Last year, the Michigan Baseball Foundation, a nonprofit organization that owns and operates a minor league baseball team in Midland, started an economic initiative to build up and enhance the downtown, which houses the ballpark.
Part of that initiative was a pop-up — The Larkin Beer Garden —fabricated from a shipping container, says program manager Chelsea Rowley.
What was the strategy behind the pop-up bar?
CR: We were looking to create a place where people could gather and interact socially. Pop-up beer gardens seemed like a quick and cheap means of doing that, so we started exploring examples across the country. They are starting to pop up all over. One inspiration was Quartyard Craft Beer Garden in San Diego, which has bars and an event stage fabricated from three shipping containers.
What is the setup?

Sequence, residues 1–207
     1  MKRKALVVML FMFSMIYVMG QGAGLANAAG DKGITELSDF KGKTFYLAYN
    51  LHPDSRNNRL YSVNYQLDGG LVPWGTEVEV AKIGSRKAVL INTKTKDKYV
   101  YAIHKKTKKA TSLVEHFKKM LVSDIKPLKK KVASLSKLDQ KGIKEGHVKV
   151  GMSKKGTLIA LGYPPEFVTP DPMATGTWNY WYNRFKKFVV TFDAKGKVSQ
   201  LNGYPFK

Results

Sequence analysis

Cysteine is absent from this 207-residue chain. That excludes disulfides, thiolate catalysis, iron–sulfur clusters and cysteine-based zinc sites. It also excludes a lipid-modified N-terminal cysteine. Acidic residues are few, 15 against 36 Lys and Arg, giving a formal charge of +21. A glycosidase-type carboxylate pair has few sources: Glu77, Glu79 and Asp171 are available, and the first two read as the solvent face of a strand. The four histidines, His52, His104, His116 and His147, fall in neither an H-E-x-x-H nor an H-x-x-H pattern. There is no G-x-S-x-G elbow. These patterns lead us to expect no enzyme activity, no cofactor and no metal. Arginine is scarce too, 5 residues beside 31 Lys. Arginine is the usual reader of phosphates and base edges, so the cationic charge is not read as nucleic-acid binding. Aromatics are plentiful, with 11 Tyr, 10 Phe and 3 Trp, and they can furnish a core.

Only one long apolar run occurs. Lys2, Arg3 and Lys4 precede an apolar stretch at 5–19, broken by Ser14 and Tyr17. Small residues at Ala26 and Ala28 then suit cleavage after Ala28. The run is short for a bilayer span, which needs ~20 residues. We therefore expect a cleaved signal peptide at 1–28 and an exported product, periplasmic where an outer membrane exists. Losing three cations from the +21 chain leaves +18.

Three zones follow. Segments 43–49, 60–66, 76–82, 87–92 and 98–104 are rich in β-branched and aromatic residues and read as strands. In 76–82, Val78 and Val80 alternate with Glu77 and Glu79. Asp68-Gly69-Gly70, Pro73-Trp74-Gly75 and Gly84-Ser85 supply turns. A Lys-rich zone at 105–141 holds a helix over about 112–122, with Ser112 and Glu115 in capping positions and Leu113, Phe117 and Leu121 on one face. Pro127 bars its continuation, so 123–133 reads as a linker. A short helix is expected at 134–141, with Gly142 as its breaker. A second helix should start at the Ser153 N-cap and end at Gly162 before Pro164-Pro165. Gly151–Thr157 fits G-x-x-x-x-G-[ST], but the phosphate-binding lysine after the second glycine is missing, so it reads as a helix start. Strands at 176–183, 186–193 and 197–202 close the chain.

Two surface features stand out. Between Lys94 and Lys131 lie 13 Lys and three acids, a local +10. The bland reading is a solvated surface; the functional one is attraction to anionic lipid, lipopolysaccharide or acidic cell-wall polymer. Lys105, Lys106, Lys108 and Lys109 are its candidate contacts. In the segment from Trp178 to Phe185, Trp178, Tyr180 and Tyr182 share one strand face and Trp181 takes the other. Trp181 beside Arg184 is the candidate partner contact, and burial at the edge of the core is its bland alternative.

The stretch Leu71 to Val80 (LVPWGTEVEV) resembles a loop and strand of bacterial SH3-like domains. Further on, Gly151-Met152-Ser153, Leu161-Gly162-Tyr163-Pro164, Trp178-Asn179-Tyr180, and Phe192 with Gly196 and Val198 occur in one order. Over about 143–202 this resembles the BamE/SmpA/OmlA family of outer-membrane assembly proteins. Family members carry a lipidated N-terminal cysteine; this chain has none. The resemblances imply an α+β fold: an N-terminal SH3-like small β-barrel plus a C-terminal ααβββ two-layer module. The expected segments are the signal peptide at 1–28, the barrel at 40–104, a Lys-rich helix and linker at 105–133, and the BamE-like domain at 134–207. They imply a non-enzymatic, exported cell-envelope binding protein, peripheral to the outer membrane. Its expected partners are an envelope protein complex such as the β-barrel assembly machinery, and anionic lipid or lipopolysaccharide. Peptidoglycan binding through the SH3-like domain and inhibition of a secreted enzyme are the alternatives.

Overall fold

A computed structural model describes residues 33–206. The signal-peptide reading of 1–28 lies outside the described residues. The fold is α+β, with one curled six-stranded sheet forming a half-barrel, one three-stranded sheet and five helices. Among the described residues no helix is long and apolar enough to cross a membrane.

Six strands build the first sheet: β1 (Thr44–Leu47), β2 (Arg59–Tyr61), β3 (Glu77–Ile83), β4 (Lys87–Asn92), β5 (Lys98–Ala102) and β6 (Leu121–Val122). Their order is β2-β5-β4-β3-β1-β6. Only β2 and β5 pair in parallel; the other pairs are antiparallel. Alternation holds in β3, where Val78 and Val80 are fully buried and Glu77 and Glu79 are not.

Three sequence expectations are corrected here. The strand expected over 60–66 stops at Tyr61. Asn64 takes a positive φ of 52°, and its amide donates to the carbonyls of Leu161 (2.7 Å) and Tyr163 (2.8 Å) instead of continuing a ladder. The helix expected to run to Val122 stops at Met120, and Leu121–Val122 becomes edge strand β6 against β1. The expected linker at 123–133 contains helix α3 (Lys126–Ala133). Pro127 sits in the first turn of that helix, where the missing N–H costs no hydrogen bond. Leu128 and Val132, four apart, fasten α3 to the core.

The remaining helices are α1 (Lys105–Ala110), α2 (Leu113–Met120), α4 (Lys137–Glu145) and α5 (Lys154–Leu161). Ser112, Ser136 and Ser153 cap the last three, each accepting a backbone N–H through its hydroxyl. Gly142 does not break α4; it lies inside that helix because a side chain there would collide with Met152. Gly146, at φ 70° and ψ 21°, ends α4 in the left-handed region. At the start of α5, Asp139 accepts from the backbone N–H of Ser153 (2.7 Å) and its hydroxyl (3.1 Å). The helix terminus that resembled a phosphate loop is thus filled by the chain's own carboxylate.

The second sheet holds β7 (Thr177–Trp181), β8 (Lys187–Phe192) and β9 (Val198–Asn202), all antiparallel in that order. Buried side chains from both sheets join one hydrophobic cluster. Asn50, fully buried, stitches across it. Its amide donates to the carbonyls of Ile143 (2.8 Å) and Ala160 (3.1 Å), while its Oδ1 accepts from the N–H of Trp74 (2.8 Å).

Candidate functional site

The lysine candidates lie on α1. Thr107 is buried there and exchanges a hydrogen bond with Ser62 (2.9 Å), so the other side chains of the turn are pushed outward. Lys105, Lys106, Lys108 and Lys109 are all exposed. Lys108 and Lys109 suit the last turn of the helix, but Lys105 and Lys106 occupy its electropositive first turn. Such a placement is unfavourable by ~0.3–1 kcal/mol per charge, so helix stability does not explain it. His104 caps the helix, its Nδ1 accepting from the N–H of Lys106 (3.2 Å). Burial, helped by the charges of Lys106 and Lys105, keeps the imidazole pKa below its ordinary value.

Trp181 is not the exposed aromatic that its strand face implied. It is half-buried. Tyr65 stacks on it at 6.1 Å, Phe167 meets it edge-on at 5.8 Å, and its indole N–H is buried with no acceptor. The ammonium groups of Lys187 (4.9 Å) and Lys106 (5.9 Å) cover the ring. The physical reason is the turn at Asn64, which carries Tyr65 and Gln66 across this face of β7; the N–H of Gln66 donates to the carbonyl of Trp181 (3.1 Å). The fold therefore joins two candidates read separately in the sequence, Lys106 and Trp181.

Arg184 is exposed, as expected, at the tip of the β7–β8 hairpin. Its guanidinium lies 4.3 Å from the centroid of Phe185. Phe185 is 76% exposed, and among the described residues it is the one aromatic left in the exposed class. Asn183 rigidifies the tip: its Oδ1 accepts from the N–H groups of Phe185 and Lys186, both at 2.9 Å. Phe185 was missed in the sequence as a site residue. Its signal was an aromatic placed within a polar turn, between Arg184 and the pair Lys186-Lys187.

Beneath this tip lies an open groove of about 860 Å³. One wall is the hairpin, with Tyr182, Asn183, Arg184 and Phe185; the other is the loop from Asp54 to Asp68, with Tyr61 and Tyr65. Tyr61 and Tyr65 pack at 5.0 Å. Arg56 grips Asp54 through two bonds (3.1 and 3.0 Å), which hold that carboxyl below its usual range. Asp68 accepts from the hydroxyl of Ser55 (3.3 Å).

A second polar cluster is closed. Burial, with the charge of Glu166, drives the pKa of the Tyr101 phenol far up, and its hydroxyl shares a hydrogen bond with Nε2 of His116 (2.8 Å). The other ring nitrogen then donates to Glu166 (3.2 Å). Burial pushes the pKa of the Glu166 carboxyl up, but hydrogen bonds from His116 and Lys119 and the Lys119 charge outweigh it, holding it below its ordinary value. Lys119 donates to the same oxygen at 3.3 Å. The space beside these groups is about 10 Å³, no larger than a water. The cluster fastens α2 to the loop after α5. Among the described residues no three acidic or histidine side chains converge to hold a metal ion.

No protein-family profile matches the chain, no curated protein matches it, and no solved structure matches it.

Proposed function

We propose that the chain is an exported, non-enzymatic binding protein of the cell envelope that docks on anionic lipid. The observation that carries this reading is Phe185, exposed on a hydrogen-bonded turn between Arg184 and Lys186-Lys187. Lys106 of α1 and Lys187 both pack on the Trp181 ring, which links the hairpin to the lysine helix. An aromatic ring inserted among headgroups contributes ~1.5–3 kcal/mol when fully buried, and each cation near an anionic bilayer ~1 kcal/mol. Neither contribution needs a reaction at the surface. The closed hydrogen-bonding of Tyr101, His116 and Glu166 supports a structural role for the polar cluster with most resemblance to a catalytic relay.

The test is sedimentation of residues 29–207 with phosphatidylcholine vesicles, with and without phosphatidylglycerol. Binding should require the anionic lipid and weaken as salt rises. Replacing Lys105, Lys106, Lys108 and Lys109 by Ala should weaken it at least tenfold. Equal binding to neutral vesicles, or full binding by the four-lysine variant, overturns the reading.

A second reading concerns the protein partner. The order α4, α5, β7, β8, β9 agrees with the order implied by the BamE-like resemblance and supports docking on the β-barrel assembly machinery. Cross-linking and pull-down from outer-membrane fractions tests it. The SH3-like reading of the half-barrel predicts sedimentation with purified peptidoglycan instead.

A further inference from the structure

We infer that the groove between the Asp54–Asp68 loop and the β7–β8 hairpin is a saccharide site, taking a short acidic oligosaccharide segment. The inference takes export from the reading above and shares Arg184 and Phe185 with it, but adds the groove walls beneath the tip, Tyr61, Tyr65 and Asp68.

CR: We had a shipping container converted into a walk-up bar that sits in a parking lot downtown. There are picnic tables for people to sit, bike racks, and yard games like jumbo Jenga, Connect Four and Corn Hole. The beer garden is only open in the summer, from 5 p.m. to 10 p.m. It’s truly a pop-up — if you were to drive by any other time, it would look like just a parking lot because everything is stored inside the container.
How is the vibe?
CR: There’s live music. It’s a multigenerational entertainment and community gathering place. Larkin Beer Garden is open to people of all ages. Pets are welcome, too.
How does it operate?
CR: The Michigan Baseball Foundation shares its license and staff from the ballpark catering department. Three craft brews are offered on tap, plus a variety of canned beer and bottled water. Rotating food trucks from a local coalition park there to provide food.